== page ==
Codex Gisle: written and illuminated by a woman

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Just announced by Quaternio Verlag Luzern, the Gradual of Gisela von Kerssenbrock is an amazing facsimile edition of an exceedingly rare manuscript illuminated by this nun from Rulle.

For this year Frankfurt Book Fair, Quaternio Verlag Luzern has prepared a surprise for all illuminated manuscript lovers, kinda like having your birthday coming early! And Facsimile Finder has managed, once again, to be ahead of the news and is proud to present a preview of this masterpiece: the Gradual of Gisela von Kerssenbrock. 

What is so special about the Codex Gisle, you may ask? Why, the fact that it is written and illustrated by a woman in a men’s world of course! Finding works entirely, or even partially, made by women is extremely rare in the Middle Ages, and this is one of the finest examples, albeit a most obscure one. But we hope that the efforts of Quaternio Verlag will help in making this kind of manuscript widely known and appreciated.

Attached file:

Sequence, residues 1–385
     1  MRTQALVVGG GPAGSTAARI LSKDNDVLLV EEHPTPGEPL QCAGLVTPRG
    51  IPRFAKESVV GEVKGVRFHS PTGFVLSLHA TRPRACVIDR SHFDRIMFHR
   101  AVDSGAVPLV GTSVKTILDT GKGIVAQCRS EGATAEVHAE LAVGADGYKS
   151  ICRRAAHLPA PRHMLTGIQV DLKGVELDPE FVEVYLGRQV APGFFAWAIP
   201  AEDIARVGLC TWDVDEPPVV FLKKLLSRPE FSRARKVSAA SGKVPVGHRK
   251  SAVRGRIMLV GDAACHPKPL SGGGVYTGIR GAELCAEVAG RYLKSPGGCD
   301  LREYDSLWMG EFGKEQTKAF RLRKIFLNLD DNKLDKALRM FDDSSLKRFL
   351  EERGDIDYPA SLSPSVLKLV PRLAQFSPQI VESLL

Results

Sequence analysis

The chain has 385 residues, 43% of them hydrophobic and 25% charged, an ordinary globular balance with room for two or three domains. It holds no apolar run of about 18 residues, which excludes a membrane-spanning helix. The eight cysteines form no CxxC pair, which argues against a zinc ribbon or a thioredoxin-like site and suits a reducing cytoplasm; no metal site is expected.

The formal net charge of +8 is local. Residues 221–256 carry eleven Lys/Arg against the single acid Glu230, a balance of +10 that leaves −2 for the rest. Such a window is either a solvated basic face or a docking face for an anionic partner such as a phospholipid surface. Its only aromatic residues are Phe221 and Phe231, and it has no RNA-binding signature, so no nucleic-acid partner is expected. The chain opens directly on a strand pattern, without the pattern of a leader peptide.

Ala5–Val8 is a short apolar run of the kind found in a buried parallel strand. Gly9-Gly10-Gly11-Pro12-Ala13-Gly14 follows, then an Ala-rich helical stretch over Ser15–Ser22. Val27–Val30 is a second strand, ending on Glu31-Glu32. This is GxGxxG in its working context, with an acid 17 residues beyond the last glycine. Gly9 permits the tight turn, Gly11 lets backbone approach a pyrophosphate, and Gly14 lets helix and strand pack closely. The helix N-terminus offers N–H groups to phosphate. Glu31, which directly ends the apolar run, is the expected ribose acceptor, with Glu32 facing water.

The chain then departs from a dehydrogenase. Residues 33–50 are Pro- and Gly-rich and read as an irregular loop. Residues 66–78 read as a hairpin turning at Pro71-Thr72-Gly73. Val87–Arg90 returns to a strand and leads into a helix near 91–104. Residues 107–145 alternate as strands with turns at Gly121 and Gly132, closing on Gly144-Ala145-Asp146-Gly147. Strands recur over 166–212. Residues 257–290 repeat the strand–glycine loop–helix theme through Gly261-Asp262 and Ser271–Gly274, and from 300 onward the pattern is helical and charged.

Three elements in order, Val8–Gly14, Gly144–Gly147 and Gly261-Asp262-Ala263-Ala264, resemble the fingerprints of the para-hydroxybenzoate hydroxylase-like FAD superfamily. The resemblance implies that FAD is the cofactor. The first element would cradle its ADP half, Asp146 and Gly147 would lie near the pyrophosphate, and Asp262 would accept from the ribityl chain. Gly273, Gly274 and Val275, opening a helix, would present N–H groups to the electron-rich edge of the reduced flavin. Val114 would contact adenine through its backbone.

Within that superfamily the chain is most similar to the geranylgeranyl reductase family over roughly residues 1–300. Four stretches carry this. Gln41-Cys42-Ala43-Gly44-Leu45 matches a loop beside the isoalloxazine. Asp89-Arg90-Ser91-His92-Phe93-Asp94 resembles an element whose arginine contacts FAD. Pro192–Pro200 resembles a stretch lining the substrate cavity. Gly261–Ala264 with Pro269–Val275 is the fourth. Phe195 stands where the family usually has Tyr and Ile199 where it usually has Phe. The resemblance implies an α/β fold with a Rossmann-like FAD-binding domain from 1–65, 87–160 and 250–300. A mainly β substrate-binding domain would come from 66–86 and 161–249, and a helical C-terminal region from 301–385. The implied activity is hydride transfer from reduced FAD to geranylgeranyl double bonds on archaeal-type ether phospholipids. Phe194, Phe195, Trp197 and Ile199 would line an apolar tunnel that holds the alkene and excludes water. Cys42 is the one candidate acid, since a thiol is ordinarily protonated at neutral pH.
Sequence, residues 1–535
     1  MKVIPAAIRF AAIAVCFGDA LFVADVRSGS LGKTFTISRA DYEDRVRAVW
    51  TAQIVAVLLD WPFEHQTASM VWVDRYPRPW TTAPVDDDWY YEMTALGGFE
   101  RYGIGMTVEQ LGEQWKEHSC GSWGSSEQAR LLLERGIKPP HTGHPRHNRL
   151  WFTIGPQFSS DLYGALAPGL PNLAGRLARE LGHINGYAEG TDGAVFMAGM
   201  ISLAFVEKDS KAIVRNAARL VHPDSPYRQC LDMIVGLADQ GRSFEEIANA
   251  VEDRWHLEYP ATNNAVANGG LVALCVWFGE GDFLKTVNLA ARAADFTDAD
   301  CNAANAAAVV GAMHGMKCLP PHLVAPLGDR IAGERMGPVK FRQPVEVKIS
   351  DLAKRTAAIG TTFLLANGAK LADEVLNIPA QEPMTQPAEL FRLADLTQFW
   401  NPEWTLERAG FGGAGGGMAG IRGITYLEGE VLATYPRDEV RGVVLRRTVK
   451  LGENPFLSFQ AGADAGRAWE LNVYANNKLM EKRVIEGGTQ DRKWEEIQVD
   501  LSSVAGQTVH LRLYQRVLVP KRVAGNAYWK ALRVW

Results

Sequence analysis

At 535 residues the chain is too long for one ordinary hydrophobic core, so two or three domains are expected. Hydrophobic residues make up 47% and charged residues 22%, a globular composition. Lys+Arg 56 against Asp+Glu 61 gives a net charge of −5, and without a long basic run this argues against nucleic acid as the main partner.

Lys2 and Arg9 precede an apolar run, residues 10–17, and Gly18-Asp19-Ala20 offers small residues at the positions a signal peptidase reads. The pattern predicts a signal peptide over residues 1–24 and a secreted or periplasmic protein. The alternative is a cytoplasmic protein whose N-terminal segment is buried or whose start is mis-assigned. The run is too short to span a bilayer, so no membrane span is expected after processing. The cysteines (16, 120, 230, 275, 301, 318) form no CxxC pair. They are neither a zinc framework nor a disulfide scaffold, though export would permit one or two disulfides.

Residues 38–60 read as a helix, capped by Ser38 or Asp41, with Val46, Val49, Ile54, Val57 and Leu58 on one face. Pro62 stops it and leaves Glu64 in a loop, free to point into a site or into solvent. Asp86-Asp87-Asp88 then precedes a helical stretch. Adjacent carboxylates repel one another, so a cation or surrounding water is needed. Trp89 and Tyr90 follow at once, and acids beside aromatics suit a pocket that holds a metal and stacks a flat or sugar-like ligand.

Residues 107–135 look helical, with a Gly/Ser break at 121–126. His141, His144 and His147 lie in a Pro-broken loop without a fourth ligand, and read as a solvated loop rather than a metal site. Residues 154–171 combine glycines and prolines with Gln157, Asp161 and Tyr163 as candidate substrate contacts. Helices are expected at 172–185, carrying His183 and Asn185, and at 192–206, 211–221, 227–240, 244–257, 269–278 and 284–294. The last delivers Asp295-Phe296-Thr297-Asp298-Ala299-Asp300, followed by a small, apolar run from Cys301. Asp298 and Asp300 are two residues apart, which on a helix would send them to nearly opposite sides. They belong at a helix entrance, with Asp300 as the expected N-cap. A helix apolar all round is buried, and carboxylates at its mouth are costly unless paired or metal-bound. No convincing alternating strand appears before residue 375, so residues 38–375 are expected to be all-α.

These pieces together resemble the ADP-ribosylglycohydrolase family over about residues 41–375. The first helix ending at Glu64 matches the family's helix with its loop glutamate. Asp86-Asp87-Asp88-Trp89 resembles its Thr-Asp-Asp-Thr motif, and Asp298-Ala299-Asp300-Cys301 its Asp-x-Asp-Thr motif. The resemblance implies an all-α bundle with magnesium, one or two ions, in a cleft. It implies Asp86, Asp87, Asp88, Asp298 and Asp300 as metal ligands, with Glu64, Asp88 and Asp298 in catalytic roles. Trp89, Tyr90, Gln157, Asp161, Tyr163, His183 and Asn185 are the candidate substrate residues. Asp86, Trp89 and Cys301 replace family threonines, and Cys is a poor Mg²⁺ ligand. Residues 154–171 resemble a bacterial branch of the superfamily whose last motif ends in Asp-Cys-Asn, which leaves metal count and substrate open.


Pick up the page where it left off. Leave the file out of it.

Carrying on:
Curious yet? Want some more information? Here we are, as usual!

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Gisela von Kerssenbrock: nun and choir-mistress in Marienbrunn

Gisela of Kerzenbroeck, or, as she is also known, Gisela von Kerssenbrock, was a nun in the Cistercian convent of Marienbrunn, located in Rulle, a little village in the lower Saxony, near Osnabrück. She was one of the very few women who dedicated their life to writing and illustrating manuscripts.

Her most famous work is the Gradual of Gisela von Kerssenbrock, or Codex Gisle, written around the XIV Century. In an inscription, also dated XIV Century, can be read:

“The venerable and devout virgin Gisela von Kerssenbrock wrote, illuminated, notated, paginated and decorated in gold letters and beautiful images this extraordinary book in her own memory, in the year of the Lord 1300. May her soul rest in peace. Amen”

leaving no doubt on the identity of the artist.

Historiated initial from the Codex Gisle, by Gisela von Kerssenbrock
Historiated initial from the Codex Gisle, by Gisela von Kerssenbrock